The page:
See Gur Fbpvny Argjbex (rot13, spoiler-ish) for an example of what Zippy is talking about.

It can happen, but it's a pretty rare case. Are you a current employee? Any specific reason why the new mgmt would think you'd be a liability?

Most often, the new management will simply do nothing since your shares don't vote. They might make an offer to buy you out.
posted by mkultra at 10:32 AM on January 19, 2011

Dilution is common, by the way, when a company seeks new investment. It is not, by itself, evil, as post-investment, your shares should go up in value, even as they decrease as a percentage of the total, if the company's prospects are good and the management decent.

Evil (or, sometimes,just a consequence of the company being in a terribly weak position) is when dilution occurs to the point that your shares are so diluted they are at homeopathic levels.

One ex-employer did this. The original shares were diluted to perhaps a hundredth of their original amount, without the company's value increasing by more than, I don't know, maybe 20%.

So let's say an original share was worth $1. Post dilution, it's worth 1.2ยข (if I did the math right).

You might see this happen where the company seeks investment under supremely unfavorable terms. You might also see this where the board and CEO seek to gain at the expense of previous employers and investors (the latter if they did not get anti-dilution terms).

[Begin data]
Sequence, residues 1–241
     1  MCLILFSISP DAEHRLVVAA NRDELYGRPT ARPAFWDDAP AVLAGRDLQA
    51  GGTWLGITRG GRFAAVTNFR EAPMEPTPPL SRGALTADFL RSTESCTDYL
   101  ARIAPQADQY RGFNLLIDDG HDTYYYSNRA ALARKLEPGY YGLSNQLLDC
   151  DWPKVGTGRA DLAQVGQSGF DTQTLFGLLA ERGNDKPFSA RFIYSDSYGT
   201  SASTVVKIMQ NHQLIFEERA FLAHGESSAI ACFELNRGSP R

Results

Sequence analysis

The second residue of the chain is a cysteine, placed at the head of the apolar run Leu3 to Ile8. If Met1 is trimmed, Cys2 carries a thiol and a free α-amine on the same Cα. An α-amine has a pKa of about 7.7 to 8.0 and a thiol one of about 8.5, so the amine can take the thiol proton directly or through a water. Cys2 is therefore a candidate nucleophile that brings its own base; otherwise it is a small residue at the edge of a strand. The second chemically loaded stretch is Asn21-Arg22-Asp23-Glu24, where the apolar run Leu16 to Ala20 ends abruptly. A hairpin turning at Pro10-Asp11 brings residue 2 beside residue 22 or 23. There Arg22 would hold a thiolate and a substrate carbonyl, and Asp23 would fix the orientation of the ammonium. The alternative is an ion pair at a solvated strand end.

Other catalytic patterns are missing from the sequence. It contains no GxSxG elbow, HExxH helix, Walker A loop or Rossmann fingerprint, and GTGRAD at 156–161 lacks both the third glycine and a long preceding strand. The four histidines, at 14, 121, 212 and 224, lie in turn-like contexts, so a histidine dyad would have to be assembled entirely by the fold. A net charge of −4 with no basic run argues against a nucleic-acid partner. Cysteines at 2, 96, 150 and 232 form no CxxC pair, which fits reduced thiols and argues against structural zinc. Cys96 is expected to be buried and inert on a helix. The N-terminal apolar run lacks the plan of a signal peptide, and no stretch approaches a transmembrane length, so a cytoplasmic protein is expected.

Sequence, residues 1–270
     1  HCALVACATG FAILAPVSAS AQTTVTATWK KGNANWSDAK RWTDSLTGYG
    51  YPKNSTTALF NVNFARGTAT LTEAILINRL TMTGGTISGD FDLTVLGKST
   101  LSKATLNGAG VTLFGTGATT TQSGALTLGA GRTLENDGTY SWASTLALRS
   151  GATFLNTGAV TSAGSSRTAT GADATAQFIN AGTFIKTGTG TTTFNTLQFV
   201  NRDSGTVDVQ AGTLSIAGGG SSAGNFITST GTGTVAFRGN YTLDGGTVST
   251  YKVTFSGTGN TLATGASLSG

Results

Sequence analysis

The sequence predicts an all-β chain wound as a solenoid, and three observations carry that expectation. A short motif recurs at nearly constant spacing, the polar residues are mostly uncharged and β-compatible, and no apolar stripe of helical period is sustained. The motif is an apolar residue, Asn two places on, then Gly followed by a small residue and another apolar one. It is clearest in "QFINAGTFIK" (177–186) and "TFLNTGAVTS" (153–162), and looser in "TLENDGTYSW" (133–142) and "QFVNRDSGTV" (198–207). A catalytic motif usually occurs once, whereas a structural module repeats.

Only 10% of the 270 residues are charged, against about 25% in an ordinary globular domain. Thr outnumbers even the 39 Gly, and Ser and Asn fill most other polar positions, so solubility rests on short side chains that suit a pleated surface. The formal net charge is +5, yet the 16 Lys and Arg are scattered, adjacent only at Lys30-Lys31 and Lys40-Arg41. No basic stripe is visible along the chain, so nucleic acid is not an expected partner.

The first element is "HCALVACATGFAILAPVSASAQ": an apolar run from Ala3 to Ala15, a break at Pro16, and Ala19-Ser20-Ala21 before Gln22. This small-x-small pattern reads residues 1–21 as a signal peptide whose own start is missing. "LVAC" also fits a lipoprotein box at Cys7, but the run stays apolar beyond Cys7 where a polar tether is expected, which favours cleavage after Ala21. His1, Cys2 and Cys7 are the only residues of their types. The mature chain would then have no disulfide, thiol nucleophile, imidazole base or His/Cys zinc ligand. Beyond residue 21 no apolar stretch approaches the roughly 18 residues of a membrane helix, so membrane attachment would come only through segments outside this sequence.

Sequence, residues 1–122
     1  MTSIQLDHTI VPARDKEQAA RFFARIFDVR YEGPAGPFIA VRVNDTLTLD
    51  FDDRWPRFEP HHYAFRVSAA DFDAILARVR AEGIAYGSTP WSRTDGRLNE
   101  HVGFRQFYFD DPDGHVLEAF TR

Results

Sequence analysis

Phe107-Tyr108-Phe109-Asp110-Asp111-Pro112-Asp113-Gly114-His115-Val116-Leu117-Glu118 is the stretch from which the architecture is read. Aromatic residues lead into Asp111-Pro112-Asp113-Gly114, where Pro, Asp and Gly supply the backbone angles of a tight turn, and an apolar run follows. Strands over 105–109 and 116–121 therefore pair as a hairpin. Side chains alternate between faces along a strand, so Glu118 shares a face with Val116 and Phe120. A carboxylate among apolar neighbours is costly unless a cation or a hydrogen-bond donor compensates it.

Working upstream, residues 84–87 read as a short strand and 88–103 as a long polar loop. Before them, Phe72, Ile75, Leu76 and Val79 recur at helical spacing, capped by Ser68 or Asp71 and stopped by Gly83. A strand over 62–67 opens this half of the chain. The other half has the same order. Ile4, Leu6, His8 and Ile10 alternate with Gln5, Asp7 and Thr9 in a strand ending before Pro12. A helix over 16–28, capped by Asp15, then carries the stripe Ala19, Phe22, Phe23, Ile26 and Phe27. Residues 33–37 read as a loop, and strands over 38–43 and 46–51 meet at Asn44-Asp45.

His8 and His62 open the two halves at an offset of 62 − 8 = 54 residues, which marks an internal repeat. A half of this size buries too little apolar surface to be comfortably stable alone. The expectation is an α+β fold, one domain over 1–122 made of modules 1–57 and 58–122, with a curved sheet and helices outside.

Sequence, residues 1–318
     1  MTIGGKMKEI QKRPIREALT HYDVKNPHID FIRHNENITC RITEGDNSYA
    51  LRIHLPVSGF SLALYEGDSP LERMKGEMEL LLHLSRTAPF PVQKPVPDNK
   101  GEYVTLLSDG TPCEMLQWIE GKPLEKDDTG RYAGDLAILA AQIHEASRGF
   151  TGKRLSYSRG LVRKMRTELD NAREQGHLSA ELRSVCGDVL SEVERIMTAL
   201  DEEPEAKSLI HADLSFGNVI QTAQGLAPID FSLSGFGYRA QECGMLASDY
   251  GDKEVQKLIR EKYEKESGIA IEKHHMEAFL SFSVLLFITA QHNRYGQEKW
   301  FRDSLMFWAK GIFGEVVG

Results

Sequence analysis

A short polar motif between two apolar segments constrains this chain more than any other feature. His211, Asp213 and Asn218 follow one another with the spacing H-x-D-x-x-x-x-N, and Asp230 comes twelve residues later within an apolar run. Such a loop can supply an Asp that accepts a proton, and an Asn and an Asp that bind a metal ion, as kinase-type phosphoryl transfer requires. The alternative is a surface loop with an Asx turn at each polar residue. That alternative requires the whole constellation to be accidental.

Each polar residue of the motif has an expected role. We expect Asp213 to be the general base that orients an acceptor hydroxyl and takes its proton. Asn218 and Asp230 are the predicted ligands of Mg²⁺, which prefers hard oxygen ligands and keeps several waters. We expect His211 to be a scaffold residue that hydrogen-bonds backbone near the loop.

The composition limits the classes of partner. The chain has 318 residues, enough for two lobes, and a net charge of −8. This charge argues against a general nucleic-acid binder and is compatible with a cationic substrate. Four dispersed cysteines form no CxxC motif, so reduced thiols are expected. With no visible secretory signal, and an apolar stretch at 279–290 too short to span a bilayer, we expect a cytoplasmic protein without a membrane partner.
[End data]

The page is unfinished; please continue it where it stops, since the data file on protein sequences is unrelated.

posted by zippy at 10:54 AM on January 19, 2011

"A number of non-voting shares" isn't much info to go on, but presuming it's a tiny portion of the total issued shares, a change in management is a perfect time for you to ask about selling yours.

Valuing these shares is not that easy. Consultants make a fair amount of money valuing small businesses and there isn't a flat formula for what a share is "worth". In publicly traded stocks, it's relatively easy to grab a value, because the market incorporates emotional factors and growth prospects into the value. Those factors in a small company aren't so easy, and if 'goodwill' shows up on a balance sheet anywhere, it's an asset for sure, but not one you can reliably convert to an arbitrary value. Ten accountants would come up with eleven answers.

If the business is actually making a profit, and has for some time, you can ballpark its value based on an income approach (using income statements). If it has a lot of assets, you can ballpark a value based on its net worth (a balance sheet approach).

Whatever the value is is what you you are willing to take and they are willing to give.

If you are on good terms with the principals, perhaps you can approach them with the idea of buying your part out. Have a number in mind, but not a hard and fast number.

Minority shareholders do have a lot of rights in a lot of jurisdictions, and if you think you want to stay involved, then you can look into what they are and how your interests can be protected. Generally, though, if you are living with mistrust, you are better off being a former shareholder than an insecure shareholder.

Good luck.
posted by FauxScot at 11:17 AM on January 19, 2011

We don't have the most important part of the information necessary to answer this: where is the company registered? That being said, Admiral Haddock's advice is good: get a lawyer.
posted by Joe in Australia at 9:08 PM on January 19, 2011